Xcode’s Interface Builder is the editor you use to assemble your application’s user interface with the help of preconfigured objects found in the Library. The objects include windows, controls (such as switches, text fields, and buttons), and the views you’ll use, such as Image, Web, and Table views. The Interface Builder editor allows you to add objects, configure their properties, and create connections not only between user interface objects, but also between user interface objects and your code.
When you use a storyboard (which you do in this book), most of if not all your screens end up being displayed in the storyboard, and Interface Builder saves your storyboard in a storyboard file (with the .storyboard extension). When you don’t use a storyboard, each screen is saved separately as a nib file (with the .xib extension). Either way, these files contain all the information iOS needs to reconstitute the user interface objects in your application at runtime.
Interface Builder saves you time and effort when it comes to creating your application’s user interface. You don’t have to code each object (thereby saving you a lot of work), and what’s more, because Interface Builder is a visual editor, you get to see what your application’s user interface will look like at runtime.
To code, you use the Source Code editor, which supports features such as code completion, syntax-aware indentation, and source code folding (to hide “code blocks” temporarily). You can get context-based help to assist you, and if you need information about a particular symbol, you can either get a summary of a symbol’s documentation directly in the editor, or you can opt for more extensive documentation in the Organizer (more on the Organizer later).
Xcode’s Live Issues and Fix-it features work together to point out mistakes as you enter your code and offer to fix those mistakes for you.
Running and debugging
When you run your application to debug or test it, you can run it in the iOS Simulator on your Mac and then on an iOS-based device (if you’re in the developer program). Using the simulator, you can make sure your application behaves the way you want. You can also get debugging information — as you run — in the Debug area. By running your app on a device connected to your Mac (still using the debugger, if you like), you can observe the actual user experience and see how the app will perform.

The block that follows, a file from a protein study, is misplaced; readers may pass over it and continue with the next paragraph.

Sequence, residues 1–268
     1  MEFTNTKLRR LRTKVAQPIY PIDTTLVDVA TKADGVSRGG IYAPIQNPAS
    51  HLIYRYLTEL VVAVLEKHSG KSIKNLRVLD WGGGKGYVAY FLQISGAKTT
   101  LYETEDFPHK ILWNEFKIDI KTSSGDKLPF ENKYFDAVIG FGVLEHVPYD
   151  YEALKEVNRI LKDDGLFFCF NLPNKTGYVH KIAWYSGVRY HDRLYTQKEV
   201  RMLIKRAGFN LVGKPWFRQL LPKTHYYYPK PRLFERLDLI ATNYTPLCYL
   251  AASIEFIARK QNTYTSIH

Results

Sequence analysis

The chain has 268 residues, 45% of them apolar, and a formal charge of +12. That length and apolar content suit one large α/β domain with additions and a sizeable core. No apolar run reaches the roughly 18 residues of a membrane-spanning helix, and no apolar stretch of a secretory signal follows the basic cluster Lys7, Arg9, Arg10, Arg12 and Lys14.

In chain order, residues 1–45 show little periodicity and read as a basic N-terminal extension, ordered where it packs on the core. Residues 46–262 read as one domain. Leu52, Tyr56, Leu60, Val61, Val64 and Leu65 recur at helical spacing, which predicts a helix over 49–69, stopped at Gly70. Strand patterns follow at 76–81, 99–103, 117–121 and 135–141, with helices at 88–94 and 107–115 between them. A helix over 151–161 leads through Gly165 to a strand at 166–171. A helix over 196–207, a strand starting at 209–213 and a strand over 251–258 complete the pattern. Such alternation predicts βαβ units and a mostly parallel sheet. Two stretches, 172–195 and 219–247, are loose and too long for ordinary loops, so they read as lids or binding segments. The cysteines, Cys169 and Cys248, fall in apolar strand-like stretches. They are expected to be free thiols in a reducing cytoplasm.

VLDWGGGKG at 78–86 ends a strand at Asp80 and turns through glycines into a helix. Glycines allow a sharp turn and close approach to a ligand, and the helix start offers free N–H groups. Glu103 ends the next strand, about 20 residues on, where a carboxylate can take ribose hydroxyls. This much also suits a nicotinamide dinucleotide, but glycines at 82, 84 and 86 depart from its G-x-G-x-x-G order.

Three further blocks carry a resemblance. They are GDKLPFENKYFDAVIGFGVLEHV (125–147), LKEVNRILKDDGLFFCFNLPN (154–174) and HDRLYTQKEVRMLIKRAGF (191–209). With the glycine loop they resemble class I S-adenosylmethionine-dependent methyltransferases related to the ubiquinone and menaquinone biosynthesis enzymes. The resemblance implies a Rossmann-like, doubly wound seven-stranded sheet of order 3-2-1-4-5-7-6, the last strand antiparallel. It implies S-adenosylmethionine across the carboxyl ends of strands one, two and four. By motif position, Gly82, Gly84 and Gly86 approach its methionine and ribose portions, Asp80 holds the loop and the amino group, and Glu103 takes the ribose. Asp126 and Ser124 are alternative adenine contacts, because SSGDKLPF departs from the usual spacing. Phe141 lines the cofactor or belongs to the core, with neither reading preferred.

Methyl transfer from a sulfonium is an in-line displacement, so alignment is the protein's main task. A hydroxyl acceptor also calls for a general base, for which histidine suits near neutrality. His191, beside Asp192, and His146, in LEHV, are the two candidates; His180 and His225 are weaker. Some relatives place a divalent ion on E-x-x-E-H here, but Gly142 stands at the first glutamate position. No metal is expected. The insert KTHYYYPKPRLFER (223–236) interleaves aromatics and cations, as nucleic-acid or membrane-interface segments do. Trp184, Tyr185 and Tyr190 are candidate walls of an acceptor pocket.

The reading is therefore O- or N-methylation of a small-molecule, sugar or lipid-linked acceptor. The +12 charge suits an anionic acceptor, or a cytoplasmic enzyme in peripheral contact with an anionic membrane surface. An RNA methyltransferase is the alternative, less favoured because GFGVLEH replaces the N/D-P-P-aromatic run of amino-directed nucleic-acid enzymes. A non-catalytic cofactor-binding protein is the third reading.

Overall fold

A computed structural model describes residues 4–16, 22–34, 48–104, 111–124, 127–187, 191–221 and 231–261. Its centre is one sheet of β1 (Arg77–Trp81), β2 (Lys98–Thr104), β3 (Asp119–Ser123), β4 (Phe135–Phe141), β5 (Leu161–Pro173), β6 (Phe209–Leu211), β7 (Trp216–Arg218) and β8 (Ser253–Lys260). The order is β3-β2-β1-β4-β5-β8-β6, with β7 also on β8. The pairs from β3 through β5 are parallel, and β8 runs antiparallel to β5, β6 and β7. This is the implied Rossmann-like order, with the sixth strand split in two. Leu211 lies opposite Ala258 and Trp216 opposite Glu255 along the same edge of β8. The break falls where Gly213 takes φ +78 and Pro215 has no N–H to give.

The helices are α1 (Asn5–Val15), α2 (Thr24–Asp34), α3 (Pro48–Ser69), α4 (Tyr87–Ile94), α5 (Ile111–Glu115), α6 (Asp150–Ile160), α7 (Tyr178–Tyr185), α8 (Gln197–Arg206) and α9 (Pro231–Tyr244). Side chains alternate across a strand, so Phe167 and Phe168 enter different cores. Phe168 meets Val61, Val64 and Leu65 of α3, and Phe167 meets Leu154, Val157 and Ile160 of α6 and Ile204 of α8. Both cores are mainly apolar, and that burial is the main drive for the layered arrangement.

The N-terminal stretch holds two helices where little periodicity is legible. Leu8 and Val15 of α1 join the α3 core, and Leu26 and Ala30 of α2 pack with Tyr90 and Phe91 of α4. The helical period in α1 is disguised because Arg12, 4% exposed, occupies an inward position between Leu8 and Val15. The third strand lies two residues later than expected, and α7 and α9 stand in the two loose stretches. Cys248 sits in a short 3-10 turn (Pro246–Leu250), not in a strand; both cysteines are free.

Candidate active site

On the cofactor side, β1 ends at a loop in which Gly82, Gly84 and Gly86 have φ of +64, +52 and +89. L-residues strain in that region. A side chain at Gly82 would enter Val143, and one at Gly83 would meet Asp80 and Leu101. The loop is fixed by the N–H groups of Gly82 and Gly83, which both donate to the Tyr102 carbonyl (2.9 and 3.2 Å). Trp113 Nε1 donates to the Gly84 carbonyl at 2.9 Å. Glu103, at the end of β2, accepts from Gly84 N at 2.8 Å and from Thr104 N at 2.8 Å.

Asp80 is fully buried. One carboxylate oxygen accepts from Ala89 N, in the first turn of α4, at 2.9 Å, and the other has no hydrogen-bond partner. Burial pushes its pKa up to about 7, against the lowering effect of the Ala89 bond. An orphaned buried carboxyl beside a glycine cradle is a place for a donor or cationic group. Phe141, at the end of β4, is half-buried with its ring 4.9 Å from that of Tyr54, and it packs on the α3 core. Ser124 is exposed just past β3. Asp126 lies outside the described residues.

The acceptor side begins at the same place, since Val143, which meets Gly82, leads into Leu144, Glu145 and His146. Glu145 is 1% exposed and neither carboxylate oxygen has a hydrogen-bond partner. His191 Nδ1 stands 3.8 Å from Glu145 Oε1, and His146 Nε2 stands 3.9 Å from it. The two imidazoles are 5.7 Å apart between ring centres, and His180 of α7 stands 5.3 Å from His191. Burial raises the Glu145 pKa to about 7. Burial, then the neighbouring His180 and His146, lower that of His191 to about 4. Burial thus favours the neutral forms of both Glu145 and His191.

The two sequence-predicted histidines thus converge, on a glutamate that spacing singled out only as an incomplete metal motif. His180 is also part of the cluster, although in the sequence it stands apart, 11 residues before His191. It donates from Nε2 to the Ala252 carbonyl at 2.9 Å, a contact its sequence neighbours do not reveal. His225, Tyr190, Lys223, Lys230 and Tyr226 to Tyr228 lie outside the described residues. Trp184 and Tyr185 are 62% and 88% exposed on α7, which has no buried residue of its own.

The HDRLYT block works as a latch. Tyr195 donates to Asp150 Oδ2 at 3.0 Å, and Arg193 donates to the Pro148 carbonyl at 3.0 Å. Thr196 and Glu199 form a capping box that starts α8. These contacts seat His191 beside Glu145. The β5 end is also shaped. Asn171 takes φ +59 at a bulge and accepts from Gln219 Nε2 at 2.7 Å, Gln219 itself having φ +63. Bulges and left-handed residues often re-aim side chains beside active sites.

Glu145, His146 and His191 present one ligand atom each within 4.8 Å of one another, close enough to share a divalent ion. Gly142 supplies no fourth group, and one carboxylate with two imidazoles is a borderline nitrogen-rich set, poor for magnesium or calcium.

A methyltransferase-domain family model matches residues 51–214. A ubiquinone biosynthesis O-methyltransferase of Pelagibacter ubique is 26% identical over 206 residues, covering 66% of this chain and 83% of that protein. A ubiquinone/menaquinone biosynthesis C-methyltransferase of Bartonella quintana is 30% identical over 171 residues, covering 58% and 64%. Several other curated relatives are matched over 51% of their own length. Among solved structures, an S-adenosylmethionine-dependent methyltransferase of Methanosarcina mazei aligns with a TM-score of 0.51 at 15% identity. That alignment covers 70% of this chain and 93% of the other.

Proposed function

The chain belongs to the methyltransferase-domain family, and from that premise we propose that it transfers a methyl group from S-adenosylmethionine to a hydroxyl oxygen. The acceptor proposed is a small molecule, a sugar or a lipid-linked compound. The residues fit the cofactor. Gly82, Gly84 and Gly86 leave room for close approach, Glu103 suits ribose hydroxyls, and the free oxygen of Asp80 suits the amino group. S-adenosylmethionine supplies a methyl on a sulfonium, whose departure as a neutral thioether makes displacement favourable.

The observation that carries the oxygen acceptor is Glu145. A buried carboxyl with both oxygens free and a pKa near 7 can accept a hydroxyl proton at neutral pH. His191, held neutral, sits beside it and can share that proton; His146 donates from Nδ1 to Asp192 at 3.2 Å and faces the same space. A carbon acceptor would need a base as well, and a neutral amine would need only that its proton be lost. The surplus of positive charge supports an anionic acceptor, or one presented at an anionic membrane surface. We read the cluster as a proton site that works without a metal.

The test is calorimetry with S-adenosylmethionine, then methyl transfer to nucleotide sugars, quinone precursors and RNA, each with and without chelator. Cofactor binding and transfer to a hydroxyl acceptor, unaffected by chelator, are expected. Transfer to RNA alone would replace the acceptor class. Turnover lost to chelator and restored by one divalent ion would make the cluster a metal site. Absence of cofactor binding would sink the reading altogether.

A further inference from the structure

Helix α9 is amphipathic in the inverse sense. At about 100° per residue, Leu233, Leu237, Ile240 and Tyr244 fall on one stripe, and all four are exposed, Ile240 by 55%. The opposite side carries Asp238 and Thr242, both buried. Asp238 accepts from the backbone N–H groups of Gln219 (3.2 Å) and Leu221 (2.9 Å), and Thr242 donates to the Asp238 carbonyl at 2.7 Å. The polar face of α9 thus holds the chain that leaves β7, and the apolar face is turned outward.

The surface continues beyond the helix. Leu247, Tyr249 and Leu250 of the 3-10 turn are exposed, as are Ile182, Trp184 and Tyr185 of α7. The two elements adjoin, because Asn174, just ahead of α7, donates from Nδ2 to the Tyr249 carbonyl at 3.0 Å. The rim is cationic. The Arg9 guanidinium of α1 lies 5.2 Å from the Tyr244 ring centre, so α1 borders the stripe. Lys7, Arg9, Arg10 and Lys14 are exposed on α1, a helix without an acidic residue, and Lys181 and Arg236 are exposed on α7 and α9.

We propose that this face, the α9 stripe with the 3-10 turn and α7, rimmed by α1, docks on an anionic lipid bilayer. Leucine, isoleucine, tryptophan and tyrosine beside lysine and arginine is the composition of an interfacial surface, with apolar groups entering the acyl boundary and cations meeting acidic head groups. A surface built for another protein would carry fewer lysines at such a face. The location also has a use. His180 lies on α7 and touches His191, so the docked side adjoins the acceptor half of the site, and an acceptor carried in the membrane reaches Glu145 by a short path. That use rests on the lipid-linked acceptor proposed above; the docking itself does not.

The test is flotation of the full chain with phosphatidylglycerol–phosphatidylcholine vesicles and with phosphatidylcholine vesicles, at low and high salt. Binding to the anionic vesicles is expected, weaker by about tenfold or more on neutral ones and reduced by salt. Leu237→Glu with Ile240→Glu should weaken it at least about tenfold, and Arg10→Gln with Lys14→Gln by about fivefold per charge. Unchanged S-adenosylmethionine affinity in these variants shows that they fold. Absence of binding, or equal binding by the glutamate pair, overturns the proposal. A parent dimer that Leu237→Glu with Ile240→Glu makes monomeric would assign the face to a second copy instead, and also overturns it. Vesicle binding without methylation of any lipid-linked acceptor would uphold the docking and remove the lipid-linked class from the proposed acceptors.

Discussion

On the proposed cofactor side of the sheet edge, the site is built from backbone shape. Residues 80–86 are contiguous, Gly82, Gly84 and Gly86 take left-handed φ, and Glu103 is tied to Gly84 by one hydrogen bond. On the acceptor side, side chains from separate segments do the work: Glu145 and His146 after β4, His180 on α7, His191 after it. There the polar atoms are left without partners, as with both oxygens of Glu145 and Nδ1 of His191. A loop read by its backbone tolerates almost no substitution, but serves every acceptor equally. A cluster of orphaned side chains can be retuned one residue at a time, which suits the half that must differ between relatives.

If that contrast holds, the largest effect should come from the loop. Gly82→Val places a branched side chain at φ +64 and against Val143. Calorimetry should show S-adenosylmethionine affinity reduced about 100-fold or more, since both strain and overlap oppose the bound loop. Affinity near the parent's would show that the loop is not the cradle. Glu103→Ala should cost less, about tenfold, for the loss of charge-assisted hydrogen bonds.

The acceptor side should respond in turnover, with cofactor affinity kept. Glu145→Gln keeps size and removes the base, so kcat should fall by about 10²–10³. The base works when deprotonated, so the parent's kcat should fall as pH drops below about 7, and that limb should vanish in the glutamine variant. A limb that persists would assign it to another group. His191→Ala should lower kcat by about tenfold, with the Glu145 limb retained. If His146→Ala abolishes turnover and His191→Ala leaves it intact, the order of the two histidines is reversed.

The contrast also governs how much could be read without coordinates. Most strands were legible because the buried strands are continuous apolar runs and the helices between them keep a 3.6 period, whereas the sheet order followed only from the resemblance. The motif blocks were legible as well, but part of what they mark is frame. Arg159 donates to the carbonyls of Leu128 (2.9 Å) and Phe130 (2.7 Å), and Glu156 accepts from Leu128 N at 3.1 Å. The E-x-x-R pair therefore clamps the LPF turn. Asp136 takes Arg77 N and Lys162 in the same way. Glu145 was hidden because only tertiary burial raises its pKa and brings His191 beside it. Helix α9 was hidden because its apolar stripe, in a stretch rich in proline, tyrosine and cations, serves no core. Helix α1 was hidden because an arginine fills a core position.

Tuning application performance
The Instruments application enables you to analyze the performance of your application as it runs in the simulator or on a device. The Instruments application gathers data from your running application and presents that data in a graphical timeline.
Among other measurements, you can gather data about your application’s memory usage, disk activity, network activity, and graphics performance. This data enables you to analyze your application’s performance and identify performance and resource usage problems.
In-depth coverage of Instruments is beyond the scope of this book.
Distributing the application
Xcode provides various kinds of application distribution, including:
Ad Hoc Distribution for testing on up to 100 iOS devices.
The App Store for distributing to hundreds of millions of iOS device users. You can give your apps away for free or let Apple sell them for you.
Custom B2B Apps for distributing business-to-business apps directly to your business customers who have a Volume Purchase Program account.
You create an archive of your application that contains debugging information, making it easier to track down bugs reported by testers (and users) of your application. When your application is ready to go, you submit it to the App Store. (Before you submit your app to the store, you can even run some of the same software-validation procedures on your applications that Apple does passing these tests makes your application’s approval process as fast as possible).
The Workspace Window
Command central for Xcode is the Workspace window, where you’ll do all the things you need to do to develop your app.
In this section, I present only an overview — more or less the map of what’s in the Workspace window and what each bar and button is and does. I came up with this as a way to provide a quick reference to the Workspace window so you can see all its elements, including the various bars and buttons and what they do.
Figure 2-1 shows a “map” of the window. (If you like, bookmark this page so you can refer to this figure at any time when reading the book.) At first glance, it may seem overwhelming, but take a deep breath and don’t worry: I explain each part. As I take you through using Xcode to develop your app, I go into more detail as needed. So for now, take a quick read through the upcoming sections just to familiarize yourself with the lay of the land and then return to Figure 2-1 as needed for quick reference.
Figure 2-1: The Xcode Workspace window.